Talk about excitement! With Bruce Springsteen And The E Street Band just minutes from taking the halftime stage at Super Bowl XLIII, the Pittsburgh Steelers' James Harrison intercepted the ball and made a 100-yard run - the longest play in Super Bowl history - giving the Steelers a 17-7 lead.
If ever the Boss had his work cut out for him, it was tonight. But no matter - from the moment he and the E Streeters stormed the stage, the stadium was all theirs.
Come out strong, take no prisoners
"Ladies and gentlemen for the next 12 minutes we're going to bring the righteous and mighty power of the E Street Band into your beautiful home!" Springsteen yelled. "I want you to step back from the guacamole dip. I want you to put those chicken fingers down and turn your television all the way up!"
Leaping on top of Roy Bittan's piano, Bruce shouted "Is anybody alive out there?!" - which got a thunderous response - and gave the signal for the band to take off, roaring into a muscular, abridged version of Tenth Avenue Freeze-Out. The audience flooded the field and pressed against the barriers as Bruce laughed and said, "This is the most important part!" - his way of introducing Clarence Clemons - the Big Man - who shot out a spirited sax solo.
Already giddy, Springsteen capped the song with a stage-long knee slide right into a camera as the band shifted into a full-throttle Born To Run - a brilliant choice, topped off by a massive fireworks display.
End the set big, as always
Finishing the number, Springsteen channeled Pete Townshend with some brisk windmills. Then a gospel choir - which MusicRadar now declares an overused cliche that must be stopped immediately - joined the ever-growing E Street Band for Working On A Dream, the title track to The Boss's new album and his main reason for showing up in the first place. But their presence was short-lived, as Bruce cut the number midway and tore into a stomping, sports-friendly Glory Days.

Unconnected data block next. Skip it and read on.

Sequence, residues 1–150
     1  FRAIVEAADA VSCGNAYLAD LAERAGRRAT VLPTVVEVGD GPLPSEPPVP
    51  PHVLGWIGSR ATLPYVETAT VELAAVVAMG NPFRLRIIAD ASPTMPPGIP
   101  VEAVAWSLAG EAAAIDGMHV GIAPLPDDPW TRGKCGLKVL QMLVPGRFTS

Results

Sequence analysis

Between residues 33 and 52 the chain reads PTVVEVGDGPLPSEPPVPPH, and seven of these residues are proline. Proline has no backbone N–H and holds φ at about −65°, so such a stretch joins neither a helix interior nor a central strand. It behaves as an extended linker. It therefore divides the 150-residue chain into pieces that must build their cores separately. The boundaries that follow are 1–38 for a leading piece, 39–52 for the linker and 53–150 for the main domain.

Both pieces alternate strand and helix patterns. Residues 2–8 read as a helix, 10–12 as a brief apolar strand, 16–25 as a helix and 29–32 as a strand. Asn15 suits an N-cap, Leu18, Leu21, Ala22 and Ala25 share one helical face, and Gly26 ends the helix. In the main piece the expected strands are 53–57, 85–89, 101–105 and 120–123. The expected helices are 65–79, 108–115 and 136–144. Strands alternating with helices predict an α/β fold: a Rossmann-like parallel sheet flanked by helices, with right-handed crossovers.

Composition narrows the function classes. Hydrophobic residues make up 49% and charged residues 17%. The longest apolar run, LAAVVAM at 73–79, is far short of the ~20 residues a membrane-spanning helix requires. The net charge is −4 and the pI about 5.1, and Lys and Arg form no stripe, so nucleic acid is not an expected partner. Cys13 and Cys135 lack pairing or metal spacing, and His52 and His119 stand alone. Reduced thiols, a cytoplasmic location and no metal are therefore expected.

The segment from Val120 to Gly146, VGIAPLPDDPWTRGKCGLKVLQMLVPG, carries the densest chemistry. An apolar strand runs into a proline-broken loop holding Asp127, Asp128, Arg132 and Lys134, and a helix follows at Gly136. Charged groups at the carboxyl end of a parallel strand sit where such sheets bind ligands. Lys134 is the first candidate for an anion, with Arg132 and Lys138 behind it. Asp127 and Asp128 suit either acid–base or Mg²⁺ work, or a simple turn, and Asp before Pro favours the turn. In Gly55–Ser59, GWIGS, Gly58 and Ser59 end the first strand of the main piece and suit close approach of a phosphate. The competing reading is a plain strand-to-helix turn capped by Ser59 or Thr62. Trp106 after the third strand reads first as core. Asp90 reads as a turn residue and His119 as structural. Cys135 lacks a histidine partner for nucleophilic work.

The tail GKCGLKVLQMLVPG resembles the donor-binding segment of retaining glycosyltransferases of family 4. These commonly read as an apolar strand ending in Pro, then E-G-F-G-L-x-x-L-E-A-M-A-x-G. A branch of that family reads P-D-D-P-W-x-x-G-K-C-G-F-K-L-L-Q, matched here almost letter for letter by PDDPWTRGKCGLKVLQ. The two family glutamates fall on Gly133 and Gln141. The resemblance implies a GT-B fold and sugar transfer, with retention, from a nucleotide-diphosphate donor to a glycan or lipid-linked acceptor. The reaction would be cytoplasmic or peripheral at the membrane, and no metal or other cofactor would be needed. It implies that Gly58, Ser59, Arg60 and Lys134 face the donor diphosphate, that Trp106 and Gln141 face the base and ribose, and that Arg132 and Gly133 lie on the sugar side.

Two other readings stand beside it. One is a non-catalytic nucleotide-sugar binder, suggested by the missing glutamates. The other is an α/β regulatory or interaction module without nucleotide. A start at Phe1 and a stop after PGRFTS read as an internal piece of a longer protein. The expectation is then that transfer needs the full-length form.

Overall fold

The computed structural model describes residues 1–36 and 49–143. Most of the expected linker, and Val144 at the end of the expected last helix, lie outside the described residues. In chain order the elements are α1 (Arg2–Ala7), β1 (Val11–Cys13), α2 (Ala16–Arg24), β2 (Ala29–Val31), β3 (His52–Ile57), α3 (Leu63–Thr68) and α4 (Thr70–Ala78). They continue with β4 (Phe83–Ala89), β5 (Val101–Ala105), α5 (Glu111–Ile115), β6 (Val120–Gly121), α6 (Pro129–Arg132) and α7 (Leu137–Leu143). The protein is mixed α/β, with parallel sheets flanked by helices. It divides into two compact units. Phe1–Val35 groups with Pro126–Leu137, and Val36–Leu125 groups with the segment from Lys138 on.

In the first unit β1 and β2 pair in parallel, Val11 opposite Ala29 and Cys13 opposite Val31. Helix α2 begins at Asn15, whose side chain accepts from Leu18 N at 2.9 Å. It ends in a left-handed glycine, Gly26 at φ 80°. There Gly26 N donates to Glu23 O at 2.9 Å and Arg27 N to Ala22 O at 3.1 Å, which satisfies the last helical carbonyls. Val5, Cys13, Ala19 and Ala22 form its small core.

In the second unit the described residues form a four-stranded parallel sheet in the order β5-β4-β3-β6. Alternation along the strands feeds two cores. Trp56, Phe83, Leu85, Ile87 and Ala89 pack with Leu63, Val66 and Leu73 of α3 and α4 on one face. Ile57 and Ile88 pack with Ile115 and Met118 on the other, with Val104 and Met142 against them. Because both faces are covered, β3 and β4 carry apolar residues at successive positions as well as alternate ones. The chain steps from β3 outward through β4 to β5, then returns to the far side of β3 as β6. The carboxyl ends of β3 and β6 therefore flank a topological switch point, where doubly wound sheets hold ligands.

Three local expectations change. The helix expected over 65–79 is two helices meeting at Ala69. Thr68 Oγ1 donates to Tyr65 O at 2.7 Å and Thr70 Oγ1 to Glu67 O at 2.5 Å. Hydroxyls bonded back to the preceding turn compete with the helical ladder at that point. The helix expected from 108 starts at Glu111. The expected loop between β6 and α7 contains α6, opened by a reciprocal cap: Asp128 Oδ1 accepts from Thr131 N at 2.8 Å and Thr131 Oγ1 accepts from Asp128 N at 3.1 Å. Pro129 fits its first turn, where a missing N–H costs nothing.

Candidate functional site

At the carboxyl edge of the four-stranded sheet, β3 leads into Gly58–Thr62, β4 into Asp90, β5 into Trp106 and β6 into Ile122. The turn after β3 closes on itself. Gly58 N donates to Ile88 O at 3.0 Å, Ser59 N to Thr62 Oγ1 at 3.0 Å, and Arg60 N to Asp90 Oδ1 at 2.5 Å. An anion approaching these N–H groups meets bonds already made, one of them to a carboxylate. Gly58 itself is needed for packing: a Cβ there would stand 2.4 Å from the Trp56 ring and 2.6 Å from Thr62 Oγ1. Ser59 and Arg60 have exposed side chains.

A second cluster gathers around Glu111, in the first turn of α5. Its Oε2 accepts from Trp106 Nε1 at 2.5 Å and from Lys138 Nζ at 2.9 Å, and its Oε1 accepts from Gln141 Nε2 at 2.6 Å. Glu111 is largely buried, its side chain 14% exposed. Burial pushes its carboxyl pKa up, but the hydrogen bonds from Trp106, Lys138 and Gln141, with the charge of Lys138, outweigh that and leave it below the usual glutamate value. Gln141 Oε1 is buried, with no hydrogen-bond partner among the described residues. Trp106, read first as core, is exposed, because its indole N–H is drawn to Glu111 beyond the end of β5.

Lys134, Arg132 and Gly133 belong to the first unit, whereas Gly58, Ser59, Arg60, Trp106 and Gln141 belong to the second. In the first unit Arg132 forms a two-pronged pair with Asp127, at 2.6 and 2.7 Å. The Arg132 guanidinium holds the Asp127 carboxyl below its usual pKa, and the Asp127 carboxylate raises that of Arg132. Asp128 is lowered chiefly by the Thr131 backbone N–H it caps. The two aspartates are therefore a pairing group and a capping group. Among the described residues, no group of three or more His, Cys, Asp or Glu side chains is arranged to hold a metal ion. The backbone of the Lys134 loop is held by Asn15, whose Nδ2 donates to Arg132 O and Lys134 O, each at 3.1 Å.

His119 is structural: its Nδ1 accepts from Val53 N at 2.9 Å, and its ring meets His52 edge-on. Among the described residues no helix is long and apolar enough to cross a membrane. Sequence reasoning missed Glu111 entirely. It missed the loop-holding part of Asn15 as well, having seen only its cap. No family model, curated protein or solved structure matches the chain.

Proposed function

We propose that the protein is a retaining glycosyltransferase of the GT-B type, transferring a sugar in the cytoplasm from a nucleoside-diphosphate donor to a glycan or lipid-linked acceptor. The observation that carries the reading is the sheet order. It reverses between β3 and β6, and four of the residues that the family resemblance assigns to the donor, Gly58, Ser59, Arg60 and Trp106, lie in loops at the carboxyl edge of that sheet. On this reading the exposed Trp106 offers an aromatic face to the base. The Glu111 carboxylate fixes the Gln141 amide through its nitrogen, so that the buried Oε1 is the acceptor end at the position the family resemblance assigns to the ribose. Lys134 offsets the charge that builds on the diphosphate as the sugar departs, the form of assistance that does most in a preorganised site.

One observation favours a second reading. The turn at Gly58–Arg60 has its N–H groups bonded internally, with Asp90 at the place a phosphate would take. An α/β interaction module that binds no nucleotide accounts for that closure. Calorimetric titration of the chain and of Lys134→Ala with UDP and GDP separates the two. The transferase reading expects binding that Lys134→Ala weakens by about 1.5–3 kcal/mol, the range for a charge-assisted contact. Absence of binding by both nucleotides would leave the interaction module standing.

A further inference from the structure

What is perhaps Springsteen's most generic number worked like magic before the 70,000+ crowd. At the song's end, now thoroughly energized and ready for his mandatory three hours of rocking, Springsteen nonetheless had to deliver the sad news: "Steve, I think it's time to go!" he said, looking towards guitarist Steven Van Zandt.
"So what!" said Van Zandt, brushing off Bruce's suggestion to exit.
"It's penalty time!" said Bruce, to which Van Zandt cried, "It's Boss Time!"
The audience went ape. With fireworks exploding behind him, Springsteen, whipping his guitar around his neck like a 20-year-old, announced, "I'm going to Disneyland!"
For a second, he forgot he was in Florida - home to Disney World. But when you've just packed 30 years of rock 'n' roll history into 12 incredible minutes, you don't sweat the small stuff.